Intended for healthcare professionals


Developing your career in obstetrics and gynaecology

BMJ 2020; 368 doi: (Published 17 January 2020) Cite this as: BMJ 2020;368:m22
  1. Jacqui Wise
  1. London, UK

A career in obstetrics and gynaecology can be stimulating and rewarding. The specialty is wide ranging and there are opportunities to pursue different career paths depending on your interests and abilities.

Advanced training

In years six and seven of specialty training, trainees undertake advanced training skills modules (ATSMs) or subspecialty training. The choice of ATSM is important as it will determine the special interests you follow in future consultant posts. You only need to complete two ATSMs to gain your certificate of completion of training (CCT) but if resources allow you can complete additional ones.

There are 20 ATSMs to choose from.1 They are acute gynaecology and early pregnancy; advanced labour ward practice; advanced laparoscopic surgery for the excision of benign disease; benign abdominal surgery: open and laparoscopic; benign gynaecological surgery: hysteroscopy; clinical research; colposcopy; fetal medicine; high risk pregnancy; labour ward lead; medical education; menopause; obstetric medicine; oncology; paediatric and adolescent gynaecology; safe practice in abortion care; sexual health; subfertility and reproductive health; urogynaecology and vaginal surgery; and vulval disease

Subspecialty training

Subspecialists in obstetrics and gynaecology are those who have higher training and are recognised to have expertise in a particular field. You can apply for a subspecialty training post at any stage after completing intermediate training and passing the part 2 membership of the Royal College of Obstetricians and Gynaecologists examination. Posts are advertised in The BMJ.

Subspecialty training is a minimum three year programme with two years of clinical training and 12 months of dedicated research. There are four subspecialties available.2 These are: gynaecological oncology; maternal and fetal medicine; reproductive medicine; and urogynaecology. You will normally keep doing on-call work during subspecialty training.

Less than full time training

It is possible to apply for less than full time training, funded by your regional postgraduate dean or through job sharing. Around 20% of trainees are in such schemes.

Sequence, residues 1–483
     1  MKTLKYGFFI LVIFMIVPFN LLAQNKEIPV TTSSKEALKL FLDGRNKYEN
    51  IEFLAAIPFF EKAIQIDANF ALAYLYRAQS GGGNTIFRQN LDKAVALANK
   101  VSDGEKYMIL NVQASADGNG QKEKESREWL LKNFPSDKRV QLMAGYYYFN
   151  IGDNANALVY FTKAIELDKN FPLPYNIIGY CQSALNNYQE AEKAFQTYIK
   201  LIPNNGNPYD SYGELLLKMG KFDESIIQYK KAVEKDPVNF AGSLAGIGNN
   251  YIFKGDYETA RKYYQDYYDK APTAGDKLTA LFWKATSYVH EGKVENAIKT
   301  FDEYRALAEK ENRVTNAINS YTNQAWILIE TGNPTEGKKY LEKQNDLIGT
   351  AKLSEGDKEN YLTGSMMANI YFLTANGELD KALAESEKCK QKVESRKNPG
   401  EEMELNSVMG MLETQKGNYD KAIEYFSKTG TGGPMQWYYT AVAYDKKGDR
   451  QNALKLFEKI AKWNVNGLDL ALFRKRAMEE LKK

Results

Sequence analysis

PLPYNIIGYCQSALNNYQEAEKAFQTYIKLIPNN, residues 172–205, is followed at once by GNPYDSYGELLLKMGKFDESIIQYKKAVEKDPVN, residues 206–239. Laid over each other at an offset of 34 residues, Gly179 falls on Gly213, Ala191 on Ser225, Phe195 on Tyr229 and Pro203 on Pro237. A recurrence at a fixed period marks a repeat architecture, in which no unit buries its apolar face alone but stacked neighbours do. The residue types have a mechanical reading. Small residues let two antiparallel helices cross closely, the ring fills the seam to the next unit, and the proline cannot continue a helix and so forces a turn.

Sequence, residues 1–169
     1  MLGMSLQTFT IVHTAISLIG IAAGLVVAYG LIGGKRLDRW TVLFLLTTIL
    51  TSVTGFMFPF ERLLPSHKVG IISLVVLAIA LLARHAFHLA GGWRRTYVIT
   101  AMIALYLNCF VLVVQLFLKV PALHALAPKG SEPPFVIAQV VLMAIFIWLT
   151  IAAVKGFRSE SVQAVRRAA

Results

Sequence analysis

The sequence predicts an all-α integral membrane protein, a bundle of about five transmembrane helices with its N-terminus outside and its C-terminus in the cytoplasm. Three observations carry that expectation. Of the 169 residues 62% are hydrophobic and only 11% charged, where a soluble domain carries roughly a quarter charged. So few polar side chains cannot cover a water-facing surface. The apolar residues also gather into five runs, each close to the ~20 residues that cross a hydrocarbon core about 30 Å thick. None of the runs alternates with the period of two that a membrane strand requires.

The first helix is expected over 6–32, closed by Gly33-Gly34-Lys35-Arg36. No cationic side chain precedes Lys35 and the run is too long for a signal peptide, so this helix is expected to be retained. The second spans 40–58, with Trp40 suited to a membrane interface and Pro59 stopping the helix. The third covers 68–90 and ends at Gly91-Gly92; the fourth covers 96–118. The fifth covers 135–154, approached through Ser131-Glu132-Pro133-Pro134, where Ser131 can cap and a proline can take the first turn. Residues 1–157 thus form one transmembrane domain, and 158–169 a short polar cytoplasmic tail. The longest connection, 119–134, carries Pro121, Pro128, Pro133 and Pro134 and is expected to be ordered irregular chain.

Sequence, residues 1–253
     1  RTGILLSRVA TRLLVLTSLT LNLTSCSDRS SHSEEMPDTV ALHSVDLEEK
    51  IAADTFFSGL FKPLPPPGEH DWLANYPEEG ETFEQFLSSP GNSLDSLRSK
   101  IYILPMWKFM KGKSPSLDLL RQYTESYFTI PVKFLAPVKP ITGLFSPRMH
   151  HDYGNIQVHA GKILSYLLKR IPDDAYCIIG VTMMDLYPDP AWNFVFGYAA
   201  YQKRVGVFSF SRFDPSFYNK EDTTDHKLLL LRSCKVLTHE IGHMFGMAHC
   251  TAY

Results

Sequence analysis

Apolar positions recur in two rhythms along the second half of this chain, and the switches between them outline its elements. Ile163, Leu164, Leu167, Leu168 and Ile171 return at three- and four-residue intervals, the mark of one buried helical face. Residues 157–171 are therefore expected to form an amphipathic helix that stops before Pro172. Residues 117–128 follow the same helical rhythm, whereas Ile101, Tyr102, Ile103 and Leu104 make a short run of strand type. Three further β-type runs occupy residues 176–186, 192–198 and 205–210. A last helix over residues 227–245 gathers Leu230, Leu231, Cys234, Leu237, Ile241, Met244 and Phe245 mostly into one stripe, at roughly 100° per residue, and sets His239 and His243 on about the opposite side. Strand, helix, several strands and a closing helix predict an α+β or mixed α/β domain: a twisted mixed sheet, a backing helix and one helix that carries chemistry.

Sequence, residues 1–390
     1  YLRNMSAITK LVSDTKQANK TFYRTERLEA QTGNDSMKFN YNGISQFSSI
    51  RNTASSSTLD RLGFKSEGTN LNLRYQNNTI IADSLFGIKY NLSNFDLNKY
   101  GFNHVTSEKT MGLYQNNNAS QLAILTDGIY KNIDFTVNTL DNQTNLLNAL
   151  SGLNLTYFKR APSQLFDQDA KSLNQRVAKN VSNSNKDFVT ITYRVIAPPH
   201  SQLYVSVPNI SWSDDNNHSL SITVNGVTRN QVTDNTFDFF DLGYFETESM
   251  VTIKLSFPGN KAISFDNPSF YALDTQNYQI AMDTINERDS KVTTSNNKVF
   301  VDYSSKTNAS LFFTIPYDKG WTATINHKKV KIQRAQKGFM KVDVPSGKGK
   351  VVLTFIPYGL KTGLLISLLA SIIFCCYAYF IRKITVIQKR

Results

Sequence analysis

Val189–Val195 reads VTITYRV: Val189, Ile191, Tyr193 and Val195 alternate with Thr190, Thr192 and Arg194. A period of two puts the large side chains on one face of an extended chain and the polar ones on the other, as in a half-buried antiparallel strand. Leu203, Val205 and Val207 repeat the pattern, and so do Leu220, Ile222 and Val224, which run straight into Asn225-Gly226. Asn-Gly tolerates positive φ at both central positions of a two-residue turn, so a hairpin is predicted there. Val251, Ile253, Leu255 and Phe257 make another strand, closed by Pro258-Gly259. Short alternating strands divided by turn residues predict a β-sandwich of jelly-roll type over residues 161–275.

Inclusion on the specialist register

On successful completion of training you can apply for a CCT. The Royal College of Obstetricians and Gynaecologists (RCOG) will then recommend you to the GMC for inclusion on the specialist register. There are several different types of consultant. Some will specialise and only work within obstetrics or gynaecology. Others will work across the specialty within a hospital setting but will concentrate their practice in line with their interests. Others will work predominantly in the community, providing an out of hospital service.

SAS doctor roles

There are opportunities to work at non-consultant level—for example, as a specialist and associate specialist (SAS) doctor. The role can vary depending on experience. It may involve working on complex surgery or relatively minor diagnostic and outpatient work. SAS doctors are more likely to carry out routine or elective surgery than emergency work. SAS roles can be attractive because of their regular hours and overtime payments for on-call work.

Continuing professional development

All doctors in non-training grades need to take part in continuing professional development (CPD) and to revalidate to show they are up to date and fit to practise. Revalidation is every five years. Since summer 2019 the RCOG has a new CPD framework and e-portfolio to support it.3

Managerial roles

There are a number of managerial opportunities for consultants. These include being the lead NHS consultant for the team (clinical lead), being the lead NHS consultant for the department (clinical director), or being the lead NHS consultant for the trust (medical director).

Education and training

Most NHS consultants will be involved with the clinical and educational supervision of junior doctors, and there are also other opportunities.

These include being the NHS consultant responsible for the postgraduate medical training in a hospital (director of medical education), the NHS consultant overseeing the education of the local cohort of trainee doctors (training programme director—for instance, foundation training programme director), or the NHS consultant responsible for the management of the entirety of a training programme (associate dean).

Academic pathways

Many trainees undertake a period of between one and three years in a research post. This can be the impetus to proceed down a pathway of training and develop an area of interest as a consultant. Those with an interest in research may want to consider an academic career in obstetrics and gynaecology.

The usual route for an academic career is through an academic clinical fellowship (ACF) and then to a clinical lectureship. Applications for ACF posts are coordinated by the National Institute for Health Research Trainees Coordinating Centre.4 There have been developments in recent years in the areas of cervical cytology, family planning, fertility treatment, hormone replacement therapy, minimal invasive techniques, molecular genetics, and ultrasound.

Working overseas

A career in obstetrics and gynaecology provides opportunities to work overseas. Volunteers can make a real difference to women’s healthcare in low resource countries while gaining valuable skills and experience. The RCOG advertises a number of volunteering opportunities.5 Voluntary Service Oversees provides opportunities for specialist trainees and consultants to improve maternal health in developing countries.6 Médecins Sans Frontières is also looking for obstetricians and gynaecologists to help with their programmes.7


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